Travis, father of two, benefits from WorkAdvance, a program that identifies solid career paths for able-minded job seekers by concentrating on employers’ needs
Career practitioners spend much of their time helping job seekers hone their skills and polish resumes. But the other side of the coin – checking in with the needs of employers – can prove invaluable.
Take the case of Travis, a young single father of two from Tulsa, Oklahoma, who needs to earn $12-14 an hour to make ends meet. But since 2008, he was making $10 or less, sliding from one part-time or temporary job to another. With no time to go back to school and little experience working in or interviewing for steady jobs, a full-time job or career always seemed out of his grasp.
But in August 2011, Travis was referred to WorkAdvance, a program from Madison Strategies Group (MSG). WorkAdvance had already determined that transportation was a growing industry in the Tulsa area with significant labour market and skills gaps. By focusing on what employers were looking for, MSG was able to identify career opportunities in the transportation sector, then design its skills development programs for job seekers to reflect employers’ needs.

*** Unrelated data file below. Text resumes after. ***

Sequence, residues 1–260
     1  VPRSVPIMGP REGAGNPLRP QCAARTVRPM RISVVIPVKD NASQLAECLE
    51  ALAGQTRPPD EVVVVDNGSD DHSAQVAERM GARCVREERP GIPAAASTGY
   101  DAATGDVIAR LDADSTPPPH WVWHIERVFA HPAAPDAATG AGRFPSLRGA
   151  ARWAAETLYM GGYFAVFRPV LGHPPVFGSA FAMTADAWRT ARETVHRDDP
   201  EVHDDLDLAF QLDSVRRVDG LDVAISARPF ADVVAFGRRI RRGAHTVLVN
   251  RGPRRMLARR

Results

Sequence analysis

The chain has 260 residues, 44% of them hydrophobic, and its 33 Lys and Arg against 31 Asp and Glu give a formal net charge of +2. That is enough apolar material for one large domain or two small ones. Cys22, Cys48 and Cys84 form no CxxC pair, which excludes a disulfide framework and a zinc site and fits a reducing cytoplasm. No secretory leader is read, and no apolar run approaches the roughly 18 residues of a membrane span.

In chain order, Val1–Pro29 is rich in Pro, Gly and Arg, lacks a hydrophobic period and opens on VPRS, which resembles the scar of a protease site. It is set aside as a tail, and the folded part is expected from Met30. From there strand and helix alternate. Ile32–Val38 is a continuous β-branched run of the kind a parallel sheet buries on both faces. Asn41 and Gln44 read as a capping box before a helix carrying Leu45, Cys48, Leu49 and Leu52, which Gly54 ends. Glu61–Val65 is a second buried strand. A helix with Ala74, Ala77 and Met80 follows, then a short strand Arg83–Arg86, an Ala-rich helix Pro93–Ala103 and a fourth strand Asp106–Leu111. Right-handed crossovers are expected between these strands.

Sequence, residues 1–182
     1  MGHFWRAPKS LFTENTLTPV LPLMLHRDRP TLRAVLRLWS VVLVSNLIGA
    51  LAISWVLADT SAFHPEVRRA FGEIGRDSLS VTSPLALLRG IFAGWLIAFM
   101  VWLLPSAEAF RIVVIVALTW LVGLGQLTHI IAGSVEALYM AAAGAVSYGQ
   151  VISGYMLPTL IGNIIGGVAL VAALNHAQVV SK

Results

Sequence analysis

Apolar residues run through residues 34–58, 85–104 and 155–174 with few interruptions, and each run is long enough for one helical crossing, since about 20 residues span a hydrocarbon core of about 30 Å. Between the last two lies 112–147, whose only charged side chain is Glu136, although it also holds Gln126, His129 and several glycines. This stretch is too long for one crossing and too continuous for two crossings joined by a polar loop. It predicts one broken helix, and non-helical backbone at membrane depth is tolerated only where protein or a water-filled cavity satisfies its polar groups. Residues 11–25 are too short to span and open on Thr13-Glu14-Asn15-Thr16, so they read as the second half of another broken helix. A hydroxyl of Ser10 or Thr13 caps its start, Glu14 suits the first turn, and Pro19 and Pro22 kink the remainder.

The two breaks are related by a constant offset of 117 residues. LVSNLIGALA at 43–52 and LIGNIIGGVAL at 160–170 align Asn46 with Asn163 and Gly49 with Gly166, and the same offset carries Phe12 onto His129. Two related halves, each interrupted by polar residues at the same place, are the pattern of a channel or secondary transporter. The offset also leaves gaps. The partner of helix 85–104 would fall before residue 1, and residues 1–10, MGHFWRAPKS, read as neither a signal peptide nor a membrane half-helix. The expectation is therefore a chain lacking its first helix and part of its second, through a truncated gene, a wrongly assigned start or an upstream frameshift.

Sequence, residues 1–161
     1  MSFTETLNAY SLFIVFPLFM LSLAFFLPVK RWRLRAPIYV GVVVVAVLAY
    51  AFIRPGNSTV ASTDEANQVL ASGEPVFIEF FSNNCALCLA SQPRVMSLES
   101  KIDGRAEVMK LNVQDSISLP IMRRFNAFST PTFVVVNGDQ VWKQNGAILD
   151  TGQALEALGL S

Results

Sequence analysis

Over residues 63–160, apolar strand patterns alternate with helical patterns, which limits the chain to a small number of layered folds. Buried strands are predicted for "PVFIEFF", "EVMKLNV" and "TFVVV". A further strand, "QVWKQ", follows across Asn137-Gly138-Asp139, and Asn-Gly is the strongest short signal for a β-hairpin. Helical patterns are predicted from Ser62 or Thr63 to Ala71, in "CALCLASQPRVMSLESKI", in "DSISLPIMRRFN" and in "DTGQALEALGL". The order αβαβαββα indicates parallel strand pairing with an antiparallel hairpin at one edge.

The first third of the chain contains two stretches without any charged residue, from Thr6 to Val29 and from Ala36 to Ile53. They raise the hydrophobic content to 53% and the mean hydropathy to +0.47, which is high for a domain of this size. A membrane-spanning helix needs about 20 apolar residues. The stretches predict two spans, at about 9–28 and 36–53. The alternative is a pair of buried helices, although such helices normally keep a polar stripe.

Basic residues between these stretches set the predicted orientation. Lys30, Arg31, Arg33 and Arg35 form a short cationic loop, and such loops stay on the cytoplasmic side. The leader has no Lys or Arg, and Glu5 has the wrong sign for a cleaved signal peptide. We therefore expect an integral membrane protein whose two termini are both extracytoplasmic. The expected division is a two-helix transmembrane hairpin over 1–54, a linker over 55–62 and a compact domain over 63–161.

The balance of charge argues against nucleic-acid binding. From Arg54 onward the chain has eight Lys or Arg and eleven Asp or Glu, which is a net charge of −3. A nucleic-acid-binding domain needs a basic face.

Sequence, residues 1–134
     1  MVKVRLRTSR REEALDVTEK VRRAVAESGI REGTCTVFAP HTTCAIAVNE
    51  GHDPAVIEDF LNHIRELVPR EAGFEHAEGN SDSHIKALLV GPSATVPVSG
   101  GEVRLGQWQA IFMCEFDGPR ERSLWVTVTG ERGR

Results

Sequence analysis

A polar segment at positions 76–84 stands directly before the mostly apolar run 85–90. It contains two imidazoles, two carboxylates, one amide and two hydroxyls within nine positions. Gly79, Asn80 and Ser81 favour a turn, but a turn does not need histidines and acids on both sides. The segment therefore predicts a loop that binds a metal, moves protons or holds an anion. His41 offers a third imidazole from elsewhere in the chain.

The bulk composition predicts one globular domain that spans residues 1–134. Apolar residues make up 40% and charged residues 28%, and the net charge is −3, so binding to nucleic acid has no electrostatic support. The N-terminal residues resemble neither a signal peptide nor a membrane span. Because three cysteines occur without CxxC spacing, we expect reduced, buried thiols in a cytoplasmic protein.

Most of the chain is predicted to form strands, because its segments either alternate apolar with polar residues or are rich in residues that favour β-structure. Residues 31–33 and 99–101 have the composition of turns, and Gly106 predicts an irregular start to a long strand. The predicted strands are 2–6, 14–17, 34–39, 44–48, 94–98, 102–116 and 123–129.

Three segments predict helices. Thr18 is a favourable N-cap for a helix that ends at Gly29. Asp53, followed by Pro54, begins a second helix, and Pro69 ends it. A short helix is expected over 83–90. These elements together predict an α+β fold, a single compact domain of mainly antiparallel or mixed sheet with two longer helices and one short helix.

Evidence shows that taking an industry-focused approach to developing a workforce can improve both job-placement rates and wages. It certainly worked for Travis. WorkAdvance provided him career counseling, interviewing skills, and leads on full-time jobs with possibility of promotion.
Three months after he started, Travis was holding down a $12/hour position as a full-time shipping and receiving clerk for Southwest United Industries. And with ongoing support from WorkAdvance, within a year of starting Travis was bumped up to $14.50/hour in a stable position – all thanks to a little reverse engineering in WorkAdvance’s program design.